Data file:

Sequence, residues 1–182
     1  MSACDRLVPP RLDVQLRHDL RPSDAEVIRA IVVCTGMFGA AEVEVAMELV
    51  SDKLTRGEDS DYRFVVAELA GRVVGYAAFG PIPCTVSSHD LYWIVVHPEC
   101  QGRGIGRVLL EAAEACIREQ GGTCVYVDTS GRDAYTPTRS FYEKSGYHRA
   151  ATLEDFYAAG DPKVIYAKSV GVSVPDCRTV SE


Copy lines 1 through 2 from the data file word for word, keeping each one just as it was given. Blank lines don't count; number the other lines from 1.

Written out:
Sequence, residues 1–182
     1  MSACDRLVPP RLDVQLRHDL RPSDAEVIRA IVVCTGMFGA AEVEVAMELV